Discussion

      For the reasons noted below, the Board concludes that the evidence in this case is in equipoise as to whether the Veteran has experienced continuous symptoms of myasthenia gravis since his time in active service. Therefore, the Board concludes that reasonable doubt must be resolved in favor of the Veteran, and service connection for myasthenia gravis must be granted.

      In the present case, the Veteran contends that the manifestations of current myasthenia gravis were initially documented during the initial post-service year (November-December 1968) and that this period of symptoms was the result of in-service treatment for malaria. See the Veteran’s statements dated in December 1991, June 2004, July 2006, March 2010, December 2010 and September 2011 as well as the December 2008 hearing transcript at page 13. Service connection for certain chronic diseases, including myasthenia gravis, may be established on a presumptive basis by showing that the disease manifested itself to a degree of 10 percent or more within one year from the date of separation from service. 38 U.S.C.A. §§ 1101, 1112; 38 C.F.R. §§ 3.307(a)(3), 3.309(a). In such cases, the chronic disease is presumed under the law to have had its onset in service even though there is no evidence of such disease during the period of service. 38 C.F.R. § 3.307(a). It is not required that the disease be diagnosed in the presumptive period, but only that there be then shown by acceptable medical or lay evidence characteristic manifestations of the disease to the required degree, followed without unreasonable time lapse by definite diagnosis. 38 C.F.R. § 3.307(c).

      In this case, myasthenia gravis was not diagnosed in service or in the one-year presumptive period thereafter. However, the Veteran was hospitalized for several days at a VA hospital in November to December 1968. The service treatment records show that the Veteran was treated for malaria in service in 1967, and the VA Hospital Summary and other clinical records from the period of hospitalization in 1968 show that, because of the history of malaria, he was examined for a recurrence of that disease but that none was found. Consequently, no diagnosis of any condition was made during this period of hospitalization within one year from service discharge.

      Specifically, the records of this hospitalization show that on November 29, 1968, the Veteran presented at the Emergency Room of a VA Medical Center (VAMC) with complaints of malaise, lethargy, vomiting, deep muscle pains and aching of the upper-right quadrant. The admitting physician noted the Veteran’s in-service diagnosis of and treatment for malaria, to include the completion of the Veteran’s prophylactic drug therapy after his in-service hospitalization. After the Veteran was admitted, blood smears reflected no atypical lymphocytes, eosinophilic response or trophozooites in the Veteran’s red blood cells and a stool test for ova and parasites was negative. The Veteran’s symptoms improved with bedrest and “good diet”, and he was discharged on December 4, 1968, with a notation that he could return to work “immediately.” No diagnosis was rendered in connection with this hospitalization, but a notation on the discharge report reflected that no “recurrent tropical diseases” (malaria) were found. See VA hospitalization records dated from November 29, 1968, to December 4, 1968.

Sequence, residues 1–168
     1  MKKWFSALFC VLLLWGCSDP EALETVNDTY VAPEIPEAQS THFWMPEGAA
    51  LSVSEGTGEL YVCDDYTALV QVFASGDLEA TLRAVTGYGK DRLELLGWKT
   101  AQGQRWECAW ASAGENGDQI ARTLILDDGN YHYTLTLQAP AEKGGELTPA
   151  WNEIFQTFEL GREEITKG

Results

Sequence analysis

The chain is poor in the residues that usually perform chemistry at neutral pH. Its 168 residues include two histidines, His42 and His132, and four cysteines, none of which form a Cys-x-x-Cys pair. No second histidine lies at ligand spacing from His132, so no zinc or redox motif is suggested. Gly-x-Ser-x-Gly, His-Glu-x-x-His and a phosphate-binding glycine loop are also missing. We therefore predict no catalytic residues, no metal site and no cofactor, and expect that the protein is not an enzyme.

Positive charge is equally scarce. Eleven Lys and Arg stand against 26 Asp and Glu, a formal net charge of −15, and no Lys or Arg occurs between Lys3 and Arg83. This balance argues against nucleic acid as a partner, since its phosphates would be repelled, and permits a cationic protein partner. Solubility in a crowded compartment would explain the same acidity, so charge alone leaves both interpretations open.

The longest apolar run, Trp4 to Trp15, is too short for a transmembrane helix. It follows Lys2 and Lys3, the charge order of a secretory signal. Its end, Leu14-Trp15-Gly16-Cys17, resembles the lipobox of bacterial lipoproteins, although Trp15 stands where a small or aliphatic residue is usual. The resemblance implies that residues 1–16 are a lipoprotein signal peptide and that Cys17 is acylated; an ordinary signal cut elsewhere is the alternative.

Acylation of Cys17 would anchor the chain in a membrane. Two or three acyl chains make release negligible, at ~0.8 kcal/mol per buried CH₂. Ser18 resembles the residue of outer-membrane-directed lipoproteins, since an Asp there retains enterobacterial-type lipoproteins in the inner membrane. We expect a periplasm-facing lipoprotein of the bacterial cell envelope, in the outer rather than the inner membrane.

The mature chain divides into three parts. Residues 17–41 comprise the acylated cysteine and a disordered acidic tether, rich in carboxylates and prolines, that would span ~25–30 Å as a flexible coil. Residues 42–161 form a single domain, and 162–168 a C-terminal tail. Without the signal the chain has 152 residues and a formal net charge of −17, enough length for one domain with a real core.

Consideration of service connection for myasthenia gravis on a presumptive basis is problematic because the rating criteria in the VA Schedule for Rating Disabilities for the disease provide a minimum rating of 30 percent and do not clearly define or depict manifestations of the disease to a degree of 10 percent so that the Board might compare the manifestations shown on the 1968 VA hospital records with those that constitute a 10 percent degree of disability, a requirement for service connection on a presumptive basis. 38 C.F.R. §§ 3.307(a)(3), 3.309(a), 4.124a, Diagnostic Code 8025. Nevertheless, the Board notes that, with regard to a theory of direct service connection, the Veteran’s alleges that his treatment of malaria with quinine in service either exposed or worsened the symptoms of mysthenia gravis, resulting in his hospitalization in the year following service. He contends that he continued to experience mild to moderate symptoms of the disease over the years but that diagnosis was elusive for many years until myasthenia gravis was first diagnosed in 1980.

      In support of this theory of entitlement he has submitted his own lay statements and sworn testimony describing his continuous symptoms over the years since service until 1980 when medical reports in the file show he was diagnosed with myasthenia gravis; medical treatise evidence showing that quinine worsens the symptoms of mysthenia gravis; and the opinion of A.W.M., M.D., whose December 2008 letter provides, in pertinent part, as follows:

      [The Veteran] has been under my care with autoimmune myasthenia gravis for many years. He dates the onset of his symptoms back to at least 1968 with weakness, difficulty chewing and swallowing, and ocular symptoms. He has records from evaluations at the VA where they described weakness in his extremities. He continued to have symptoms of fluctuating weakness, dysphagia, and weight loss, and had multiple medical evaluations, but was not diagnosed completely until 1980. . . . He continues to have some objective evidence of weakness, bulbar dysfunction, and ocular musle weakness that has been present for many years and correlates with his symptoms which he has described dating back to 1968.